Barnes & Noble, Humana, Sunoco: U.S. Equity Movers

Shares of the following companies are having unusual moves in U.S. trading. Stock symbols are in parentheses, and prices are as of 10:50 a.m. in New York.

Barnes & Noble Inc. (BKS) surged 66 percent to $22.68 for the biggest increase in the Russell 2000 Index. A new subsidiary that combines the bookseller’s Nook digital reader and college businesses will receive a $300 million investment from Microsoft Corp. (MSFT US).

Conceptus Inc. (CPTS) rose 21 percent to $18.34 for the biggest intraday gain since October 2008. The maker of a female- sterilization method boosted its full-year sales forecast.

Demand Media Inc. (DMD) rallied 23 percent to $8.90 after reaching $9.51, the highest intraday price since Aug. 15. A deal by Thomas H. Lee Partners to take private the operator of websites and for $1.2 billion fell apart, AllThingsD said, without saying where it got the information.

Gen-Probe Inc. (GPRO) climbed 19 percent, the most intraday since April 2011, to $81.85. The developer of testing for sexually transmitted disease agreed to be bought by Hologic Inc. (HOLX) for about $3.7 billion in cash. Hologic slipped 8.9 percent to $19.34.

Harman International Industries Inc. (HAR) increased 11 percent to $52.42 and jumped 12 percent earlier, the most intraday since Oct. 21. The maker of audio equipment for cars and homes reported third-quarter earnings excluding some items of 74 cents a share, exceeding the average analyst estimate of 67 cents.

Humana Inc. (HUM) declined 6.2 percent, the most in the Standard & Poor’s 500 Index, to $82.36. The second-biggest provider of U.S.-backed Medicare insurance said first-quarter profit declined as premiums failed to keep up with rising medical costs.

Imperial Holdings Inc. (IFT) surged 33 percent to $3.91 after rallying as much as 40 percent, the most intraday since it went public in February 2011. The specialty finance company agreed to pay an $8 million penalty to resolve fraud allegations related to its involvement in making misrepresentations on life insurance applications, the Department of Justice said.

Merck & Co. (MRK) rose the most in the Dow Jones Industrial Average, climbing 2 percent to $39.23. The drugmaker’s subsidiaries won a patent-infringement case against Sigma Pharmaceuticals Plc (SIP AU) over the importing of asthma drugs from Poland to the U.K.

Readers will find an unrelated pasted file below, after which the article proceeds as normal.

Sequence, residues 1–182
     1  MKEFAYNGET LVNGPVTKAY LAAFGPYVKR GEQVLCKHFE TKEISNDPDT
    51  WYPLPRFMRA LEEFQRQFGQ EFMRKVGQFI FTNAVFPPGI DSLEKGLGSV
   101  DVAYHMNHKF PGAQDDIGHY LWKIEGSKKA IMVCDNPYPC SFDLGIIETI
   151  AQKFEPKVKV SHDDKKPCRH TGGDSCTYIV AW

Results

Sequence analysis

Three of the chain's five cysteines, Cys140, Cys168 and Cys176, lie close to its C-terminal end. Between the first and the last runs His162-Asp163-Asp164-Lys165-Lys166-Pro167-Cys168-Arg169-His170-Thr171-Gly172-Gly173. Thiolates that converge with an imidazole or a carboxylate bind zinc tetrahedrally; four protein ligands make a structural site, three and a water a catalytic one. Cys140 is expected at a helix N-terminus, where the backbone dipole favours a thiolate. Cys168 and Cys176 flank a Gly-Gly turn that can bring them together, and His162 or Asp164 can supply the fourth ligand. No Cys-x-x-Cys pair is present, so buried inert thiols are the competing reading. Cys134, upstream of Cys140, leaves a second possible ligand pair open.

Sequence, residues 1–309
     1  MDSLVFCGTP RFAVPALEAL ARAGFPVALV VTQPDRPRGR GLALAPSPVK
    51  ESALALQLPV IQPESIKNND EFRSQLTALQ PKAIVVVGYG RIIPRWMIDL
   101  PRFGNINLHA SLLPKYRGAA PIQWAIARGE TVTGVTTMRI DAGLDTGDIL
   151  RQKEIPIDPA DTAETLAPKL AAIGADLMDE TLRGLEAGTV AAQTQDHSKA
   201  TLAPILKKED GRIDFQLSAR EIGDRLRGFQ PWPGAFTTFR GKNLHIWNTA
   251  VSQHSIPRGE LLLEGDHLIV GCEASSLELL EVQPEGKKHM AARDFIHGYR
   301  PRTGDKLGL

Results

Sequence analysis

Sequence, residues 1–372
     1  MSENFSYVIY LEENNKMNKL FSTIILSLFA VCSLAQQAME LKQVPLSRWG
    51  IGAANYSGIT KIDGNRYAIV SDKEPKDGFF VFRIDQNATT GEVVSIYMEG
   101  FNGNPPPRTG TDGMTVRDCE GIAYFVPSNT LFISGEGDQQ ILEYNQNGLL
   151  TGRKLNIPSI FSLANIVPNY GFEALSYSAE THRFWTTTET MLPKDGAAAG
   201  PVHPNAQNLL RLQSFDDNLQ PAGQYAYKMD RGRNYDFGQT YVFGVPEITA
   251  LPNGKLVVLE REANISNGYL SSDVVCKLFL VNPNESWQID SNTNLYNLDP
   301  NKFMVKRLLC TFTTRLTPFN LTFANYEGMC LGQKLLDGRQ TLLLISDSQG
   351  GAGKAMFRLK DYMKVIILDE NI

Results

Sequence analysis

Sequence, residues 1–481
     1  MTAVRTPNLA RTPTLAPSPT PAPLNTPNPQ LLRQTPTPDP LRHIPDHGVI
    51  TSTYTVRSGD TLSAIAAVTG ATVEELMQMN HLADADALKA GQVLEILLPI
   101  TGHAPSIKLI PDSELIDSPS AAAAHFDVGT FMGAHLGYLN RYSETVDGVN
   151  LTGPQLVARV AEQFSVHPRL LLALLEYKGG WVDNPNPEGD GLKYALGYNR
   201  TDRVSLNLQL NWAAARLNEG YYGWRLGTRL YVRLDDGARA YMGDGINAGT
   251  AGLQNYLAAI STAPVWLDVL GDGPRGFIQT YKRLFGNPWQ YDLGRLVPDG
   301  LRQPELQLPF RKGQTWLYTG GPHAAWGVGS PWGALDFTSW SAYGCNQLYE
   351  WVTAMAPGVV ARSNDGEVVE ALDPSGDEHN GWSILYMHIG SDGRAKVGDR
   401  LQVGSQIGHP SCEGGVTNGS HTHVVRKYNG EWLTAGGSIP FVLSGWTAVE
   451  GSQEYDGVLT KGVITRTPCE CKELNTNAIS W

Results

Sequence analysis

Sunoco Inc. (SUN) climbed 19 percent to $48.81 for the biggest advance in the S&P 500. The Philadelphia-based refinery agreed to be acquired for $5.3 billion in shares and cash by Energy Transfer Partners LP (ETP US), which is adding oil transportation and distribution assets.

NYSE Euronext (NYX) had the second-biggest decline in the S&P 500, retreating 4.7 percent to $25.80. The largest U.S. exchange operator reported a 44 percent decline in first-quarter profit, as expenses related to its failed merger with Deutsche Boerse AG combined with a slowdown in trading. Inc. (SOHU) dropped 8.1 percent to $51.27 after sinking 10 percent earlier, the most intraday since Feb. 6. The operator of China’s third-biggest online video site forecast lower-than-expected growth in revenue this quarter as an economic slowdown weakened online advertising sales.

Tenneco Inc. (TEN) fell 9.6 percent to $33.63 after erasing 11 percent earlier, the most intraday since Oct. 28. The world’s largest maker of vehicle-exhaust systems reported first- quarter earnings and revenue that fell short of the average analyst estimates.

VeriFone Systems Inc. (PAY) slipped 9 percent to $49.54 after sliding 11 percent earlier, the most intraday since May 12. The largest maker of credit-card terminals was cut to sell from hold by Deutsche Bank AG.

Warner Chilcott Plc (WCRX) gained 17 percent to $21.97 after jumping as much as 24 percent, the most intraday since August 2009. The maker of dermatology and women’s health drugs said it is exploring a sale of the company and is in talks with potential buyers.

To contact the reporter on this story: Lu Wang in New York at

To contact the editor responsible for this story: Nick Baker at

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